National Action Party (Mexico)

From Academic Kids


The National Action Party (Spanish: Partido Acción Nacional), known by the acronym PAN, is a conservative party and one of the three main political parties in Mexico.

Mexican Roman Catholics, together with other conservatives, founded the PAN in 1939 after the cristero insurgency lost the Cristero War. They were looking for a peaceful way to bring about change in the country and to achieve political representation, after the years of chaos and violence that followed the Mexican Revolution. The turning point in the Cristero War was when the Catholic Church reached an agreement with the National Revolutionary Party – the forerunner of the monolithic Institutional Revolutionary Party (PRI) that dominated power for most of the 20th century – whereunder it turned a blind eye to the lack of democracy in the country and stopped supporting the Catholic rebels, threatening its members with excommunication if they disobeyed the government.

The PAN spent the years from its foundation in 1939 in opposition, as all presidents since the end of the Mexican Revolution were from the PRI or its variously named predecessors. This changed on July 2, 2000, when Vicente Fox Quesada of the PAN won the presidential election.

The PAN occupies the right of Mexico's political spectrum, advocating free enterprise, reduced taxes, smaller government, and reform of the welfare state. It is much like the United States Republican Party or Europe's Christian Democratic parties, and many of its members are also advocates of Roman Catholicism. The PAN officially claims to be a non-confessional party in a country that is 90% Catholic; however, while on the campaign trail in 2000, Vicente Fox appeared holding a banner emblazoned with the revered icon of the Virgin of Guadalupe – and was fined MXN $20,000 for mixing religion and politics.

In certain extreme cases, individual PAN mayors and governors have banned public employees from using miniskirts (Guadalajara, Jalisco), clamped down on the use of profanity in public marketplaces (Santiago de Querétaro), and – in one particularly notorious case in the northern state of Baja California – brought extreme religious and political pressure to bear on a teenaged rape victim to dissuade her from terminating her pregnancy, as she was legally entitled to do. Such extreme stances are not, however, shared by many of the PAN's middle-class rank and file members, who traditionally saw supporting the party as the best way of preventing the hated PRI from remaining in power.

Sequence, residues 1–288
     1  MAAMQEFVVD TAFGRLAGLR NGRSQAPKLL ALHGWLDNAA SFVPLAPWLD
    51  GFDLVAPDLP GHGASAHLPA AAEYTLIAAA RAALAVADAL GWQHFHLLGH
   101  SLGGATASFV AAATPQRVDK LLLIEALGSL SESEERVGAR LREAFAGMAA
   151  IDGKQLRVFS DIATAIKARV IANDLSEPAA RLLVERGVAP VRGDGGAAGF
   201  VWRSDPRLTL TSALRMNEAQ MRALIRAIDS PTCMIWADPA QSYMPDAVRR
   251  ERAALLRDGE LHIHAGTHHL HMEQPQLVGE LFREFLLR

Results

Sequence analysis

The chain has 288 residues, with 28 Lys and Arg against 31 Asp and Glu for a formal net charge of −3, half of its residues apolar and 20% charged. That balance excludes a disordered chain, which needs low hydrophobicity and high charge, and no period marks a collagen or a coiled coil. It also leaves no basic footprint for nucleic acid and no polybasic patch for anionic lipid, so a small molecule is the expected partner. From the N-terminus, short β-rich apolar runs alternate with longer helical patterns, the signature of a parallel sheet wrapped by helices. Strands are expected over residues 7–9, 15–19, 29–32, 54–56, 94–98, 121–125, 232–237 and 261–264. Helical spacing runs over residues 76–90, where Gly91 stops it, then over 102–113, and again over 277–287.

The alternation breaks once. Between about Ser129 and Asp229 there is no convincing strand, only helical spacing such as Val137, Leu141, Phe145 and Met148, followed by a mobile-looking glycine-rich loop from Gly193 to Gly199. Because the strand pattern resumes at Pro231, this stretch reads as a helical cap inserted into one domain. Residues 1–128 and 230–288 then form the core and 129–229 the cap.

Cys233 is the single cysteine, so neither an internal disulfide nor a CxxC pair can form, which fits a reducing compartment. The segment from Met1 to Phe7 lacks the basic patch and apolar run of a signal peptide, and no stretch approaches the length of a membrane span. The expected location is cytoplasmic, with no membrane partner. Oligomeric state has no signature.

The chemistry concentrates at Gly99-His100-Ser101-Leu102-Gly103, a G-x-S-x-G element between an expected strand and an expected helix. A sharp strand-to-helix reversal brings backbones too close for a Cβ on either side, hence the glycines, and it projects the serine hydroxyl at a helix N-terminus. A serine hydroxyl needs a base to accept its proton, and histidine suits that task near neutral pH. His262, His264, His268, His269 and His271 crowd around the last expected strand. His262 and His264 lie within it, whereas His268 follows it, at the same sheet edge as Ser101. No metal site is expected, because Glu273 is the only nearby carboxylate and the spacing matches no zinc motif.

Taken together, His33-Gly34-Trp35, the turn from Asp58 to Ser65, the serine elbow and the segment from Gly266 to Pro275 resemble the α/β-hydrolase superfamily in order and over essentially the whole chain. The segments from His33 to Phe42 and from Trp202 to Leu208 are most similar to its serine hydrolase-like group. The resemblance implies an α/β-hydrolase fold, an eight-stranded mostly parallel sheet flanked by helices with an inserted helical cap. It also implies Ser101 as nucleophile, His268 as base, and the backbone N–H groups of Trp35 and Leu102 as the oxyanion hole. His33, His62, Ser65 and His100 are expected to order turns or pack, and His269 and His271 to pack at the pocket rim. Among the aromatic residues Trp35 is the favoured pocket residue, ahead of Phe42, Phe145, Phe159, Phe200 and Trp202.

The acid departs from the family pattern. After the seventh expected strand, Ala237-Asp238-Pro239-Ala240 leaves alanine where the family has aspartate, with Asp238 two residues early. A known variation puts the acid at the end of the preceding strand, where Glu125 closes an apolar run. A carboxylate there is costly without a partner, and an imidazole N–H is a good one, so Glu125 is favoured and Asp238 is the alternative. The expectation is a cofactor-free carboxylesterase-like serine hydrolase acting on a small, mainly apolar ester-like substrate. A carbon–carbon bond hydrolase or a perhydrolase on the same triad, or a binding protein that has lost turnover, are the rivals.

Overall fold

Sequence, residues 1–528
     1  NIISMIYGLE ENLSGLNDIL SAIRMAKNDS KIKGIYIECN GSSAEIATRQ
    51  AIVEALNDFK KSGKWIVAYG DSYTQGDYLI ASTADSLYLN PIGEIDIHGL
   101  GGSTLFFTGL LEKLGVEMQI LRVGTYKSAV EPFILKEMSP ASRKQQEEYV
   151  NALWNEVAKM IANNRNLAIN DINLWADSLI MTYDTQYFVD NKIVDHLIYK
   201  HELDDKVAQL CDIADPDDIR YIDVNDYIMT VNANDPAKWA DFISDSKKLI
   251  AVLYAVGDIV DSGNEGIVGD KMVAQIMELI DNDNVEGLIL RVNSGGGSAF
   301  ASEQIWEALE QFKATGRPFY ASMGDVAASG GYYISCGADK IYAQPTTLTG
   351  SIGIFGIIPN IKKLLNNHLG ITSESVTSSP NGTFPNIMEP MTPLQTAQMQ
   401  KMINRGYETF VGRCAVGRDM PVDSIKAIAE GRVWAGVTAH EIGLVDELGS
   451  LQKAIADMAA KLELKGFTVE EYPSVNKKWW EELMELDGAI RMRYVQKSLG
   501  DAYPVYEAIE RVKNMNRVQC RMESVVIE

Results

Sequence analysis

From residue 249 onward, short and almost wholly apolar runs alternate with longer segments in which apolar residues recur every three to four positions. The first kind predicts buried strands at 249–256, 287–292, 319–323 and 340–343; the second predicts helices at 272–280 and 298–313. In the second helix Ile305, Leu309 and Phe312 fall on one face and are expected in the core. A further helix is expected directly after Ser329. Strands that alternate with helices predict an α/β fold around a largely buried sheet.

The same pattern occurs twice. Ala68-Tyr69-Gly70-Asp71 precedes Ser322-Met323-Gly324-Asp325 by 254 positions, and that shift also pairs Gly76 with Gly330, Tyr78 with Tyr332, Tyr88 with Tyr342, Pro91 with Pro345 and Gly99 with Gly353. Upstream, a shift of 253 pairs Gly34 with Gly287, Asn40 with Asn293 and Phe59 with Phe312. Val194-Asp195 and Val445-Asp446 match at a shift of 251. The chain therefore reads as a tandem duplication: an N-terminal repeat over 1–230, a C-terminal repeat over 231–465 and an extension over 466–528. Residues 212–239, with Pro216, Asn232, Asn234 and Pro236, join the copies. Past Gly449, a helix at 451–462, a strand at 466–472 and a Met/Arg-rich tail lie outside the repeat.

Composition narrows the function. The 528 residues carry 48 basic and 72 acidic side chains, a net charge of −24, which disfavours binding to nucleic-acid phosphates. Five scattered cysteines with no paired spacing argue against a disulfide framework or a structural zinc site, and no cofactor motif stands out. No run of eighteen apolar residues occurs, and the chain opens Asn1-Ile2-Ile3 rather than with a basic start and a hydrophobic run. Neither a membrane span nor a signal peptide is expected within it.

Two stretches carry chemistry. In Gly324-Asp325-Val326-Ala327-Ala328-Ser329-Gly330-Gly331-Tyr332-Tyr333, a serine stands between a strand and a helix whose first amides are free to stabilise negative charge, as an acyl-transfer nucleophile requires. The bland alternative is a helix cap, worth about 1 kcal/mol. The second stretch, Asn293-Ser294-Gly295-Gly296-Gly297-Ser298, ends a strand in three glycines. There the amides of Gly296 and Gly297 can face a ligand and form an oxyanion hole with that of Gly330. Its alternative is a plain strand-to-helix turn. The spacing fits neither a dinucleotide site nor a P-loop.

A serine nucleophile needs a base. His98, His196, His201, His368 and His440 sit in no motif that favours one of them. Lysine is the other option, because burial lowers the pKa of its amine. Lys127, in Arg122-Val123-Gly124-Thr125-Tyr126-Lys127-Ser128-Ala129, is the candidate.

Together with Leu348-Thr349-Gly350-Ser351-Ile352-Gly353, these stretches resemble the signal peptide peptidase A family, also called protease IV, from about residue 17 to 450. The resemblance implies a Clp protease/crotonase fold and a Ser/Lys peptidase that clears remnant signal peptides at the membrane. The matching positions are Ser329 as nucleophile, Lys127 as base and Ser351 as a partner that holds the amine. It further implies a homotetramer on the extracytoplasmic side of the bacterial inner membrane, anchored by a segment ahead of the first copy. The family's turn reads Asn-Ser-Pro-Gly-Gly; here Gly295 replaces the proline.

The party is led by Manuel Espino Barrientos (2005).

On July 4, 2004, the PAN lost several important state elections, including governorship elections in the states of Zacatecas, Chihuahua, and Durango, to candidates from the PRI and PRD. Coupled with defeats in other gubernatorial elections in 2003 (particularly the northern industrial powerhouse of Nuevo León, and a bitterly fought election in Colima that was cancelled and later re-run), this development was considered by some political analysts to be a significant repudiation of the PAN in advance of the 2006 presidential election. The defeat was considered especially severe in Chihuahua because that state was where PAN won its first electoral victories in 1983, when PAN mayoral candidates won in the border city of Ciudad Juárez and state capital Chihuahua. In contrast, 2004 did see the PAN win for the first time in Tlaxcala, defeating the PRD in a state that would not normally be considered PAN homeland; it also managed to hold on to Querétaro and Aguascalientes. (See: 2003 Mexican elections and 2004 Mexican elections for results.)

External links

See also

es:Partido Acción Nacional de México fr:Partido Acción Nacional


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